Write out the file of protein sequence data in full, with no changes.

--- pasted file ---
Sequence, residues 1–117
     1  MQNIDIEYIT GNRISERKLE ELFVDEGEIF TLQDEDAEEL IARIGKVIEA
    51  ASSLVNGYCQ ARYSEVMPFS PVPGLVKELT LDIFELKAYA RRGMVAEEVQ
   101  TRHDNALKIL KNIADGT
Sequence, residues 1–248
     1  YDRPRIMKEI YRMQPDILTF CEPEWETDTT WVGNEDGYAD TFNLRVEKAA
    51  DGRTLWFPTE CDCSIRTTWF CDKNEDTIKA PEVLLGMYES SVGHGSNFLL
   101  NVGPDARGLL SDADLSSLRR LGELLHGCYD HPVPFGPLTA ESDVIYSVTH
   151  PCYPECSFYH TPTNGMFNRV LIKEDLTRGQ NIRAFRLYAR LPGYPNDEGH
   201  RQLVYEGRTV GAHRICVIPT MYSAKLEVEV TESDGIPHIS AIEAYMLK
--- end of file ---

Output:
Sequence, residues 1–117
     1  MQNIDIEYIT GNRISERKLE ELFVDEGEIF TLQDEDAEEL IARIGKVIEA
    51  ASSLVNGYCQ ARYSEVMPFS PVPGLVKELT LDIFELKAYA RRGMVAEEVQ
   101  TRHDNALKIL KNIADGT
Sequence, residues 1–248
     1  YDRPRIMKEI YRMQPDILTF CEPEWETDTT WVGNEDGYAD TFNLRVEKAA
    51  DGRTLWFPTE CDCSIRTTWF CDKNEDTIKA PEVLLGMYES SVGHGSNFLL
   101  NVGPDARGLL SDADLSSLRR LGELLHGCYD HPVPFGPLTA ESDVIYSVTH
   151  PCYPECSFYH TPTNGMFNRV LIKEDLTRGQ NIRAFRLYAR LPGYPNDEGH
   201  RQLVYEGRTV GAHRICVIPT MYSAKLEVEV TESDGIPHIS AIEAYMLK